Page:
The Design Of Packing Rings

Packing may be referred to as compression, automatic, or floating. Each term describes the type of operation in which the packing will be used.

Automatic and floating packings require no gland adjustments in controlling leakage. Automatic packings are confined to a given space and are activated by the operating pressure. Automatic packing rings are designed in the form of V rings, U cups, and O rings. Floating packing includes piston rings and segmental rings that may be energized by a spring. These types of packing are commonly used in reciprocating applications.

Compression packing is most commonly used on rotating equipment. The seal is formed by the packing being squeezed between the inboard end of the stuffing box and the gland (see Figure 1a). A static seal is formed at the ends of the packing ring and at the inside diameter of the stuffing box. The dynamic seal is formed between the packing and shaft or shaft sleeve. Under a load, the packing deforms down against the shaft, controlling leakage. Some leakage along the shaft is necessary to cool and lubricate the packing. The amount of leakage will depend on the materials of construction for the packing, the operating conditions of the application, and the condition of the equipment.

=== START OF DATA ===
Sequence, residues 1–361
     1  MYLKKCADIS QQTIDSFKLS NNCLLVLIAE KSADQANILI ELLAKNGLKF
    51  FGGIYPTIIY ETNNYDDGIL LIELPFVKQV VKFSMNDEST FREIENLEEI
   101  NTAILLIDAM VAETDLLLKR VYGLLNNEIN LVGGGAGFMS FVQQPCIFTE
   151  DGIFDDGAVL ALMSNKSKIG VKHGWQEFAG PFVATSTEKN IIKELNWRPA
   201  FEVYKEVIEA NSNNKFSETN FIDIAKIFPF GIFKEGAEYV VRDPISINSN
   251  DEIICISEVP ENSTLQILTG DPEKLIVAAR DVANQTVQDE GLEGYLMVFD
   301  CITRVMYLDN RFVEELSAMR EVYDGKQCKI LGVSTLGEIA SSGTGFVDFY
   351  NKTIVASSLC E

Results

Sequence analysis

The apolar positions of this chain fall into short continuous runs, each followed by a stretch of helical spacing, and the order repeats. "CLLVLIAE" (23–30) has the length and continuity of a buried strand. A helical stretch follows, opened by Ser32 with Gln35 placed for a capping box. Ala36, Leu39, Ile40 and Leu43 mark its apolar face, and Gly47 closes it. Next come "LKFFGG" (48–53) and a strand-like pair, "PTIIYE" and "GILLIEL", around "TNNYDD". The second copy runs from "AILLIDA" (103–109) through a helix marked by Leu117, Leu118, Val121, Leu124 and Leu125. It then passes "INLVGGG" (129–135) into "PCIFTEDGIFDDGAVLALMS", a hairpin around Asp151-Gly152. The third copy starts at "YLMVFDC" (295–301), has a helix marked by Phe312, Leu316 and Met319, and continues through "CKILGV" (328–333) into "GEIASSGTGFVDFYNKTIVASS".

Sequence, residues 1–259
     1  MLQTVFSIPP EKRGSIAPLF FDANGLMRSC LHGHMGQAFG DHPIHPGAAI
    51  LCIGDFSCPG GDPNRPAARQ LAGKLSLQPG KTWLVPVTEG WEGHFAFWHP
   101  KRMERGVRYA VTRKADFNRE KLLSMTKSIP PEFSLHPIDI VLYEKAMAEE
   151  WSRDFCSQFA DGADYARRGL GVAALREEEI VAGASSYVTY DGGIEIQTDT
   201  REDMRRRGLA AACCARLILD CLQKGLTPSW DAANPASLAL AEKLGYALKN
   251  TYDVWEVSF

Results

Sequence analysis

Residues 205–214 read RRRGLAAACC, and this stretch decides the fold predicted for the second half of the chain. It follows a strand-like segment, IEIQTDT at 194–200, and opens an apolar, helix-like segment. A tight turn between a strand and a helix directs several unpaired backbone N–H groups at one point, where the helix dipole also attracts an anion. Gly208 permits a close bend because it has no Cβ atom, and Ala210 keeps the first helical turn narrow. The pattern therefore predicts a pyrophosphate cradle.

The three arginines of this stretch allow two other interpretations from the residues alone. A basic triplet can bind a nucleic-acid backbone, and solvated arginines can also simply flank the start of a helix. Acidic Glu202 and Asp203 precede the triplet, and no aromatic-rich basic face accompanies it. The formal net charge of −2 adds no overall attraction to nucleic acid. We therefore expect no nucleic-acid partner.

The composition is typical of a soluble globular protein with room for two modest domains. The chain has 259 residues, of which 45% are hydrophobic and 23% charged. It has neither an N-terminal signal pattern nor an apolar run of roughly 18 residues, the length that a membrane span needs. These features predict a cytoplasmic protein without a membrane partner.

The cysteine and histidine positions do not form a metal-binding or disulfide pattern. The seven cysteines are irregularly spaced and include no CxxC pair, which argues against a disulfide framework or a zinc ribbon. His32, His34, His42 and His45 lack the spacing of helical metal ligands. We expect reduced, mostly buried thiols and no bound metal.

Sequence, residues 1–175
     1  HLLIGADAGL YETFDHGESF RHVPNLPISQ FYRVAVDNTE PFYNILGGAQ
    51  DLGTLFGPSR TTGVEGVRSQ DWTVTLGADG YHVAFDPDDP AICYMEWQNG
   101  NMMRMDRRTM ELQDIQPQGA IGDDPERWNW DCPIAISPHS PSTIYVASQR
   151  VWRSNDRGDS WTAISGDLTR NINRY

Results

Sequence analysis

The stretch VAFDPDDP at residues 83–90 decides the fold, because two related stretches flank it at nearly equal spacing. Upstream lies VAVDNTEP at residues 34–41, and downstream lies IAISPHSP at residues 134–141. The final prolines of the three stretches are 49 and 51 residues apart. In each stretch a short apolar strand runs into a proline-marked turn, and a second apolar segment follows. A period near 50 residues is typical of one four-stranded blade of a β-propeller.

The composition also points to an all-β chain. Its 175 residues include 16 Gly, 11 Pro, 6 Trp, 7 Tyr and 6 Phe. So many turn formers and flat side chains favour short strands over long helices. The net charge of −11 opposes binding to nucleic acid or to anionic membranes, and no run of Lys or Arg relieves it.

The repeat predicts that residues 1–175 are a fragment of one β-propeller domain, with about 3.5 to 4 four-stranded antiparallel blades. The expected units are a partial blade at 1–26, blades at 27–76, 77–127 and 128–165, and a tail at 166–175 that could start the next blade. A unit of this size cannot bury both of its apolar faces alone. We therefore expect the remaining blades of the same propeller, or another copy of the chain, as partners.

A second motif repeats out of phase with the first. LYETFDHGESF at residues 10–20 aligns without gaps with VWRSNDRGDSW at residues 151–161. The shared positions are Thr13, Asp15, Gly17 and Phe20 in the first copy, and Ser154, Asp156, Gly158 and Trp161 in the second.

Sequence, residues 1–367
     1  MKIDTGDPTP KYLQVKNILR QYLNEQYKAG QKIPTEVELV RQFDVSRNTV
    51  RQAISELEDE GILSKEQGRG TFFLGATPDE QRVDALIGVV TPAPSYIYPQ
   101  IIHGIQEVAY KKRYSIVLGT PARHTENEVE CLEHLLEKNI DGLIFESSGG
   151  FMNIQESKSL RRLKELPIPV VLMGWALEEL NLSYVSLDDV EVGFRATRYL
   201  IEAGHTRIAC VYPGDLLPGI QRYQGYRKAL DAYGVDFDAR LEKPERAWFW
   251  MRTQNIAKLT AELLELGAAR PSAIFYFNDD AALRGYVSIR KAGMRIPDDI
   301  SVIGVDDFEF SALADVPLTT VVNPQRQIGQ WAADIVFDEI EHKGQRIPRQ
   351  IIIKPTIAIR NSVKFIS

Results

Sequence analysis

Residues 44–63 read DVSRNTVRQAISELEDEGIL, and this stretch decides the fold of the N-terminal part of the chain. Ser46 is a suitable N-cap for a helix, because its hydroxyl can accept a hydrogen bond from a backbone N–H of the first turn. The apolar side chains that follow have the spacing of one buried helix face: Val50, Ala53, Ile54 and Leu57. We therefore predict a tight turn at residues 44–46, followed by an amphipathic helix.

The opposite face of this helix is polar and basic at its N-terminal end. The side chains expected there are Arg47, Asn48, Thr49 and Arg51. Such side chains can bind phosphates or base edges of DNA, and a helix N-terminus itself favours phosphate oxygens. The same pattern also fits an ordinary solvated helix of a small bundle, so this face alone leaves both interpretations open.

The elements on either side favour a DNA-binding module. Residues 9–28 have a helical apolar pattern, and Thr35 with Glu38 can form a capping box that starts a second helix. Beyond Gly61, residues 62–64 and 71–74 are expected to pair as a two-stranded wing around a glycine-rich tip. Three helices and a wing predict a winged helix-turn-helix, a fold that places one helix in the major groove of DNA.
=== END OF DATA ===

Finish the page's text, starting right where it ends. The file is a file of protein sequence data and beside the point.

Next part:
Packing must be able to withstand equipment variables (see Figure 1b). The design of the packing ring and the materials of construction must be resilient to follow shaft runout and misalignments, as well as to compensate for thermal growth of the equipment without an appreciable increase in leakage.

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Survival Treasure

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